Thousands of Sikhs from across the globe have converged in Nankana Sahib, Punjab to celebrate the 550th birth anniversary of Baba Guru Nanak, the founder of their religion.
What makes the occasion special this year is that it also marks the opening of Kartarpur border crossing between India and Pakistan.
Notwithstanding a chill in bilateral ties over occupied Kashmir, Pakistan and India after tough negotiations signed a landmark agreement last week, to operationalize the corridor allowing Indian pilgrims to visit the holy Sikh shrine.
The three-day event will be held from November 10-12 in the Punjab district -- the birthplace of Baba Guru Nanak- located around 80km from Lahore.
It will coincide with a separate event in the border town of Kartarpur, which also houses a historic Gurdwara – Sikh house of worship, where Guru Nanak settled and died in 1539. The two countries decided that 5,000 pilgrims from India can visit this shrine daily without showing travel permits.
“Over 7,000 Sikhs from different parts of the world have already gathered in Nankana Sahib, while thousands more are expected to join us, in the next couple of days,” Sardar Gopal Singh, a Pakistani Sikh community leader said.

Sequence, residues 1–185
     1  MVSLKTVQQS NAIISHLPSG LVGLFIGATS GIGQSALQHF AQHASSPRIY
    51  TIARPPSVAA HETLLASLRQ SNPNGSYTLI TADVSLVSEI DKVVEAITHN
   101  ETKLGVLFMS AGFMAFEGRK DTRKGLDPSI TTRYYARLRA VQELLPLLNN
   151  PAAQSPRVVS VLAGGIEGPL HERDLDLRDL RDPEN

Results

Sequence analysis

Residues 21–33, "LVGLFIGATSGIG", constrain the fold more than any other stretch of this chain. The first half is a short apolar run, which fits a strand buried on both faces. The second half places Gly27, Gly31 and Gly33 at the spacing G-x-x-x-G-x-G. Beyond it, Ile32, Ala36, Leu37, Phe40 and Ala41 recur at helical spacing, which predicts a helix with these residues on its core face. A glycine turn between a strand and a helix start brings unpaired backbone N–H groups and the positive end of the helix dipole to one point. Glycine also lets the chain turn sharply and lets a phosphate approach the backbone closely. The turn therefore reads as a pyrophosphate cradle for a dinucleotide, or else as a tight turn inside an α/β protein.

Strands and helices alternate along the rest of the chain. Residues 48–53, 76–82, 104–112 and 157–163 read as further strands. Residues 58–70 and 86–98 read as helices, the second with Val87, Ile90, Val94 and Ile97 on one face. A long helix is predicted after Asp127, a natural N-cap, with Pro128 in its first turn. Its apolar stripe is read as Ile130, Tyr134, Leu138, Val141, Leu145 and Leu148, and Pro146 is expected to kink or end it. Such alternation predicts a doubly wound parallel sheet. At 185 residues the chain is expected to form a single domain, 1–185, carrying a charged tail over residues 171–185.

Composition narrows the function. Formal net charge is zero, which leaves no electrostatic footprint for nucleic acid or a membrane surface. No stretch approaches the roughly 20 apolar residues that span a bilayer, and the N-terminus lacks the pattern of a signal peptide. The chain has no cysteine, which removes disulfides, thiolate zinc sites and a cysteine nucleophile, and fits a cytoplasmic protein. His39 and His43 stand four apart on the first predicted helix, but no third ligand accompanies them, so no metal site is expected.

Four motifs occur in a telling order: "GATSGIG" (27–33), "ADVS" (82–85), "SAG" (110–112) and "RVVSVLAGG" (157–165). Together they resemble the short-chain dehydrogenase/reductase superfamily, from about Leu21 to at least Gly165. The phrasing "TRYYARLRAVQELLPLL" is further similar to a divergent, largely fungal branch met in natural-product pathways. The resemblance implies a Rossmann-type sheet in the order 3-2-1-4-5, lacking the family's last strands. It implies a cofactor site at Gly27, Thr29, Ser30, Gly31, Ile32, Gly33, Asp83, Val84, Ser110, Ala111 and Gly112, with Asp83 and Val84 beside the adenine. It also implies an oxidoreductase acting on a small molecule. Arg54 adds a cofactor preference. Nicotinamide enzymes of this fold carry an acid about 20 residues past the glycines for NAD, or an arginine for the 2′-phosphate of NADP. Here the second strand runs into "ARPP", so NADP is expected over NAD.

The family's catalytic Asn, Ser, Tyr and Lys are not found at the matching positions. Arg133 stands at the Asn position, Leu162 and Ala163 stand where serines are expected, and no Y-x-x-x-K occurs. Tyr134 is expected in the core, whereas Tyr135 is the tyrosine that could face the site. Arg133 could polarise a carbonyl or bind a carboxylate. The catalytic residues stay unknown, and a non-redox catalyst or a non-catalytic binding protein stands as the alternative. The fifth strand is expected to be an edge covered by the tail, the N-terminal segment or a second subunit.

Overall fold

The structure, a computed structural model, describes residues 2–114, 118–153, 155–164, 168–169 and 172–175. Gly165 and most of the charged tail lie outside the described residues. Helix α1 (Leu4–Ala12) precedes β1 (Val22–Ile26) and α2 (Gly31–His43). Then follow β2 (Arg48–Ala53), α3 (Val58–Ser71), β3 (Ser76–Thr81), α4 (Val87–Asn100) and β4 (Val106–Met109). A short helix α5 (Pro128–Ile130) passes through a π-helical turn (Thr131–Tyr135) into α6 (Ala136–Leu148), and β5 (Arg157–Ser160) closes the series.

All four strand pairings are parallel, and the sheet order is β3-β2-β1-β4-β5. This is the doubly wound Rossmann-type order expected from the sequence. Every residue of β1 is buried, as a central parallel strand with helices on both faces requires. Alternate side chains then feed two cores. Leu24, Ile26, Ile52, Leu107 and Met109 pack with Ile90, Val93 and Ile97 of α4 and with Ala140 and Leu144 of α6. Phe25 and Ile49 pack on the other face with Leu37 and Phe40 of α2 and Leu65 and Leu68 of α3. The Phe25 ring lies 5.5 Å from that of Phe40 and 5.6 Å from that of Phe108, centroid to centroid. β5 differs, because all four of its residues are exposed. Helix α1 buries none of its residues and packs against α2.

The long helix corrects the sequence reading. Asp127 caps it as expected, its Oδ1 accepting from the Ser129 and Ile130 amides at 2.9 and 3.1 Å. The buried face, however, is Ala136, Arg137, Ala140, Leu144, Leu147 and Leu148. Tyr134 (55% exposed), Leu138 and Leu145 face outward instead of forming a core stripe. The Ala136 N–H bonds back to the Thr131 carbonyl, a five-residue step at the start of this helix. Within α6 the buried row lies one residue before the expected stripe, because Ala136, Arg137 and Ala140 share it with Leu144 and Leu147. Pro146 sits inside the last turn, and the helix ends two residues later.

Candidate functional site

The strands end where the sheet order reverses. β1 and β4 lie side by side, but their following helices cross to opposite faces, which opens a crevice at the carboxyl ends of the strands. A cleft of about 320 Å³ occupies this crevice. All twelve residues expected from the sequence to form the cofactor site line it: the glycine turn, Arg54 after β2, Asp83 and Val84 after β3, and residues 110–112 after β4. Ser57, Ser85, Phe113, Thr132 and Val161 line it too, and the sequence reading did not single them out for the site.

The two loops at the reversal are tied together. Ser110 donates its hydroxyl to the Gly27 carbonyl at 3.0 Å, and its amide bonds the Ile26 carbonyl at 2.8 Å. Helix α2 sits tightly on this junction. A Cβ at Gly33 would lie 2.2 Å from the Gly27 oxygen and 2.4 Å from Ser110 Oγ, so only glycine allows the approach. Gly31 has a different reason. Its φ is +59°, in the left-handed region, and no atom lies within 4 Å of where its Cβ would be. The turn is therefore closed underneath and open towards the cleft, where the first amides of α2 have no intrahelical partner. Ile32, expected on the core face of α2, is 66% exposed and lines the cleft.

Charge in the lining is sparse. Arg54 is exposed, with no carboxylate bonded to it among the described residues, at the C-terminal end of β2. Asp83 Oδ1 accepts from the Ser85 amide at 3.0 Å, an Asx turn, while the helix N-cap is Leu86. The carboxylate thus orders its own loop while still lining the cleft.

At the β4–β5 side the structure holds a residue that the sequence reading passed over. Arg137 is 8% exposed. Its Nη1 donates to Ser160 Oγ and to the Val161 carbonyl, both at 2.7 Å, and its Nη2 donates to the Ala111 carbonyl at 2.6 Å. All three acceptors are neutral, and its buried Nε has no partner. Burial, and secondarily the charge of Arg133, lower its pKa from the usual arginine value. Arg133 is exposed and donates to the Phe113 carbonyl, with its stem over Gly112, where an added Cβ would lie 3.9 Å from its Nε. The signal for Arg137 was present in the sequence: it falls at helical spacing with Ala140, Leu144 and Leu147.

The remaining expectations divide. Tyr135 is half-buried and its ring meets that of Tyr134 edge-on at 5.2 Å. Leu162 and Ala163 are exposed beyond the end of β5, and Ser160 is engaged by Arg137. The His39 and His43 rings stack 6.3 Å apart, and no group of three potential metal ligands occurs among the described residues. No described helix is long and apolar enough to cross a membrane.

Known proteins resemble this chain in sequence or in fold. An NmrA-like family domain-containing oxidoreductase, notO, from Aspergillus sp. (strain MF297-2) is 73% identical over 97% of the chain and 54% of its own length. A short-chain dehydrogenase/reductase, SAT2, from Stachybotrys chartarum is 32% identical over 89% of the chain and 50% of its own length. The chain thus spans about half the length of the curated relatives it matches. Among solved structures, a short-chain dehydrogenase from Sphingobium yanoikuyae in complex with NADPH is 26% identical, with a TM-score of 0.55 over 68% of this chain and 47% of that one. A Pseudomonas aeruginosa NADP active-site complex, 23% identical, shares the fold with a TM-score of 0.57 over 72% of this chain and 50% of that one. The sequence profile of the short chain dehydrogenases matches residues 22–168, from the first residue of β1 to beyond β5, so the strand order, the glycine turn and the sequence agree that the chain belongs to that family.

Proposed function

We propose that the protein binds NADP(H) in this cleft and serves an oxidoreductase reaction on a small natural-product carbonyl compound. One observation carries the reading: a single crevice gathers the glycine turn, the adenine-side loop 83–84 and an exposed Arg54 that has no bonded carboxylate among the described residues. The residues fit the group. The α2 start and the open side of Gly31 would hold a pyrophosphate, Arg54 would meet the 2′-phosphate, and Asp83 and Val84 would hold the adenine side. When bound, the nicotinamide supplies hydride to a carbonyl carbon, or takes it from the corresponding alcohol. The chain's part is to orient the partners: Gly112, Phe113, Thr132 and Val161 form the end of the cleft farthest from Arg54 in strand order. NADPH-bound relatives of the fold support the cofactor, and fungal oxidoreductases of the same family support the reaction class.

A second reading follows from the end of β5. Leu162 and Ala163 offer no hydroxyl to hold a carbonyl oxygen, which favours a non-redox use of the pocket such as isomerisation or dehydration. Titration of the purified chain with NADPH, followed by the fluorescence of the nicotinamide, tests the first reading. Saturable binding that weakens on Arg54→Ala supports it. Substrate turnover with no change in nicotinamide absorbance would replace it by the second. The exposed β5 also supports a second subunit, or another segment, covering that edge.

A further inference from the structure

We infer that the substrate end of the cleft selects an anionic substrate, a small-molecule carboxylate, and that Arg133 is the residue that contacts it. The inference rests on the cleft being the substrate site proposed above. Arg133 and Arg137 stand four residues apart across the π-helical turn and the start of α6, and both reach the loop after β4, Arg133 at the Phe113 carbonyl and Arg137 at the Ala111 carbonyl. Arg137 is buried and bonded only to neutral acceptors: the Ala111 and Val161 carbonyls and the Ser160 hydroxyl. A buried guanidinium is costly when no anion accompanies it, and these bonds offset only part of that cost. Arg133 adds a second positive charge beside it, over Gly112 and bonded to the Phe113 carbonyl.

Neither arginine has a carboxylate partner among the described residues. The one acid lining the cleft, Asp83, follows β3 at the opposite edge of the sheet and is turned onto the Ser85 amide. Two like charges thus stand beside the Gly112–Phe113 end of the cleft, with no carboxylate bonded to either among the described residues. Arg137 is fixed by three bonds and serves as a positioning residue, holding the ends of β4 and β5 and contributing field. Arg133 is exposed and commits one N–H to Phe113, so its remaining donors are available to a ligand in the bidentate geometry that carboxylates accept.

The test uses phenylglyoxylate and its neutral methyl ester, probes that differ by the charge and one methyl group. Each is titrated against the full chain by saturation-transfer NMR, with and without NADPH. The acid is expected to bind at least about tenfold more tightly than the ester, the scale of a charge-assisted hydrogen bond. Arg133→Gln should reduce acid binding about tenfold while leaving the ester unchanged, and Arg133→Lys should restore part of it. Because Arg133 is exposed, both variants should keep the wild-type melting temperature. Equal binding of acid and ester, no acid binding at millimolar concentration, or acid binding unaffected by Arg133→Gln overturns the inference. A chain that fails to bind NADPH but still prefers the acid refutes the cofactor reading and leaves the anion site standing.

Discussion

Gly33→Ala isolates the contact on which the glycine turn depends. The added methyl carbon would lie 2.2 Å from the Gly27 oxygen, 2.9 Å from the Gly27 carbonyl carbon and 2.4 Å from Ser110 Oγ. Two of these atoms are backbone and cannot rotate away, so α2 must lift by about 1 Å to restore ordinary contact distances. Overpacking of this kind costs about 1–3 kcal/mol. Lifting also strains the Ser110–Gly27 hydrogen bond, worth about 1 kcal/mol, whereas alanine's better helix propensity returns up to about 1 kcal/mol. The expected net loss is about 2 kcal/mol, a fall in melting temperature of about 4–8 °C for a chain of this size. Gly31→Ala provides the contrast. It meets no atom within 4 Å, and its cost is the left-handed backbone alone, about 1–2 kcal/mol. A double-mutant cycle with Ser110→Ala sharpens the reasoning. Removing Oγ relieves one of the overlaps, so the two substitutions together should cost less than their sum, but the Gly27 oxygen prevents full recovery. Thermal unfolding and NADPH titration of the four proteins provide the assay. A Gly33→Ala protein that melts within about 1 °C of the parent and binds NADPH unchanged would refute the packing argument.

“We are very excited not only because it is our prime occasion, but also because of the opening of the Kartarpur border crossing,” Singh said, adding that the festival would give Pakistani Sikhs an opportunity to see their near and dear ones from across the world.
Sikh special association with Pakistan
Pakistan is home to some of the most important pilgrimage sites for Sikhs. They include the Kartarpur Sahib Gurdwara and Gurdwara Panja Sahib in Hasan Abdal town, where the handprint of Guru Nanak is believed to be imprinted on a boulder.
These sites are visited by thousands of Sikhs from neighbouring India, Europe and Canada every year.
“Sikhs across the globe have a very special association with Pakistan, as the birthplace [Nankana Sahib] and the place of death [Kartarpur Sahib] of the founder of their religion Baba Guru Nanak are here”, said Iqbal Qaiser, a Lahore-based historian and writer of Punjabi language.
Punjabi is the common language of the province of Punjab, partitioned between Pakistan and India.
Qaiser – author of Historical Sikh Shrines in Pakistan, one of detailed books on holy Sikh sites in Pakistan – described the opening of Kartarpur border as one of the most important developments in the recent India-Pakistan history.
“It was not India that had been divided in 1947. It was actually the Punjab that had been divided into two parts,” he said. “Opening of Kartarpur crossing means the Punjabis [from both sides of the border] are coming closer,” he maintained.
Comments are moderated and generally will be posted if they are on-topic and not abusive.
For more information, please see our Comments FAQ